Protecting Assets with Temporary Security Installations
NATO meetings. Construction sites. Special events. Corporate shareholder assemblies. Vulnerable assets. Law enforcement assignments. Government facilities. Home builder locations. Emergency street closings.
Whatever the challenge, there is a temporary security solution that can range from hardened barriers, third-party video verification and portable trailers to solar-powered wireless video, light pole surveillance and millimeter wave technology, among others.
Protection can cover very sophisticated and heavy-duty equipment, or it can be as simple as a camera, motion detection package easily setup with a cellular connection and remote monitoring.
At the high end, it’s a niche market, says Lori Flower of Global Access Control Systems, Pittsburgh. The integrator handles a diversity of products and systems and has solid experience with temporary perimeter and traffic controls to create a secure environment. Solutions include a simple barrier arm for minimum security and traffic flow control or a government-rated plate barrier or drop-arm barrier for high security.
Special Event Needs
In this area, much is event related, says Flower. One challenge is that things and requirements can change from hour to hour. So she says it is essential that corporate or government decision-makers work with a solution source that can keep up with those changing needs. There need to be creative ways to solve the problem within a sometimes limited budget. She has had dump trucks and salt trucks donated by local officials to help reinforce a perimeter in addition to barriers.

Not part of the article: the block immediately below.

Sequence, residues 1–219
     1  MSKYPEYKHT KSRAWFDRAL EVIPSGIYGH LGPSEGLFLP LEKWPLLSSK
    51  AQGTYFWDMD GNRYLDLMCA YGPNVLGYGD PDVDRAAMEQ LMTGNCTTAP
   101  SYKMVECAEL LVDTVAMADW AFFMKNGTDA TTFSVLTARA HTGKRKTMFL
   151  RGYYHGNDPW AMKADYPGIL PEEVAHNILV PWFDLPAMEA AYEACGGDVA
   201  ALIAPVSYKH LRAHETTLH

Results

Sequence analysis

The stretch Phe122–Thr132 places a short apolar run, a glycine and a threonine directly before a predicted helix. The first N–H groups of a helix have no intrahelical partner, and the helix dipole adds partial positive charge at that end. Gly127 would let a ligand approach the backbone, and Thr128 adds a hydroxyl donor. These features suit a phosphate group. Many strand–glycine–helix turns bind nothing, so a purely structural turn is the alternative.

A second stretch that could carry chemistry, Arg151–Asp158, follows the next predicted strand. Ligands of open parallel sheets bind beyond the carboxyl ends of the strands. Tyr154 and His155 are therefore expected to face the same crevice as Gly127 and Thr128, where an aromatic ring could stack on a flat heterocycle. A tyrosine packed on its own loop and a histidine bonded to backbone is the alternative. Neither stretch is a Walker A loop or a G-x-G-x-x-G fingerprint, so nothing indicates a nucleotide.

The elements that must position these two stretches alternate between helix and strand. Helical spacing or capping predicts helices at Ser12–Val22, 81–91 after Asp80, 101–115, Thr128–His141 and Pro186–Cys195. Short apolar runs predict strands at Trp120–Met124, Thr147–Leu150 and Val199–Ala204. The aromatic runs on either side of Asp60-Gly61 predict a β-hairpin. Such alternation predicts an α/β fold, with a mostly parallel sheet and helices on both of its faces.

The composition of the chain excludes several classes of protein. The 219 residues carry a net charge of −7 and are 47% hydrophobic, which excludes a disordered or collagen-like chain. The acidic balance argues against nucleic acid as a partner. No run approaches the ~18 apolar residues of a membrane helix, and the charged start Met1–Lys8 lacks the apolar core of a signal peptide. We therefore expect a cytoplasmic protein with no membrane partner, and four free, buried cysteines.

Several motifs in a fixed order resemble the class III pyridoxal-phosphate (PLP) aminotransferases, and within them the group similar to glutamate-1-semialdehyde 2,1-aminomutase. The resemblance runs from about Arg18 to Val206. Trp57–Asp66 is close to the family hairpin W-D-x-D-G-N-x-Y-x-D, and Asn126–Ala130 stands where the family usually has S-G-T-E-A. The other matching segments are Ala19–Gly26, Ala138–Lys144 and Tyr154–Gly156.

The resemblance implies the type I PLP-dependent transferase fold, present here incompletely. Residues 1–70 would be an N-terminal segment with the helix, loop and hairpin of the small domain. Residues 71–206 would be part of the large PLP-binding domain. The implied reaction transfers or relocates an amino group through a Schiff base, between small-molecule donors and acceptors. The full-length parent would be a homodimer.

Flower notes that nothing is a cookie cutter solution. There is the geography of the area being protected on a temporary basis. In situations where governments are involved, there can be numerous municipalities participating, she notes, advising that securing installations and streets on a temporary basis calls for advisors with deep experience.
There are numerous examples of the successful application of high-security temporary barriers.
For example, mobile deployable vehicle crash barriers from Delta Scientific helped police and military officers protect the President, Congressional leaders, judges, journalists, other attendees and onlookers at the latest Presidential Inauguration events. The aim was protection from a vehicle bomb attack and errant drivers. These mobile deployable vehicle crash barriers carry a rating to stop 7.5 ton vehicles traveling 40 mph.
Street Barriers Used
In Washington, D.C., the totally self-contained barriers were towed into position and began controlling vehicle access within 15 minutes. No excavation or sub-surface preparation was required. Once positioned, the mobile barricades unpacked themselves by using hydraulics to raise and lower the barriers off their wheels. DC-powered pumps then raised or lowered the barriers. Such mobile crash barriers were also used for such special events as the Republican and Democratic Presidential Nominating conventions.